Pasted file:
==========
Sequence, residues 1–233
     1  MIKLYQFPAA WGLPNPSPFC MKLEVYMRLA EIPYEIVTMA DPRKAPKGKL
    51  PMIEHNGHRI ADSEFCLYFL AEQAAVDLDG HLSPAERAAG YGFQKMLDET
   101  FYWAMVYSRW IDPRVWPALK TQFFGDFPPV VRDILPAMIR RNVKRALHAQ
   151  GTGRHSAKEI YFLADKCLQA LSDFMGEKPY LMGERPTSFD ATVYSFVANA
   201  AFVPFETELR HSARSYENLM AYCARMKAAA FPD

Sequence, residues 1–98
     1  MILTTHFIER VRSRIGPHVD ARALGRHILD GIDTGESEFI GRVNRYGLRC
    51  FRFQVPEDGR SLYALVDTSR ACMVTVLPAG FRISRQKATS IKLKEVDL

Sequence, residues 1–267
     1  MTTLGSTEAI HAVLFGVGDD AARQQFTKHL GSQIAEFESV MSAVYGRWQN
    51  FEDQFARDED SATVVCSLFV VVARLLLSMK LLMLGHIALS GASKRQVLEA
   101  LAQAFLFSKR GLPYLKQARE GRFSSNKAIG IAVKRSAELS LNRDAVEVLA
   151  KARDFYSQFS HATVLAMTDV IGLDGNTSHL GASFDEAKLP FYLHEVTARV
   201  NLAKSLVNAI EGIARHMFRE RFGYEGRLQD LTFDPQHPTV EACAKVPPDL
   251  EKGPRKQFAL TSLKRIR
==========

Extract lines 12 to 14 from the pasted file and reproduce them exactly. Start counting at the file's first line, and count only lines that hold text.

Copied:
    51  FEDQFARDED SATVVCSLFV VVARLLLSMK LLMLGHIALS GASKRQVLEA
   101  LAQAFLFSKR GLPYLKQARE GRFSSNKAIG IAVKRSAELS LNRDAVEVLA
   151  KARDFYSQFS HATVLAMTDV IGLDGNTSHL GASFDEAKLP FYLHEVTARV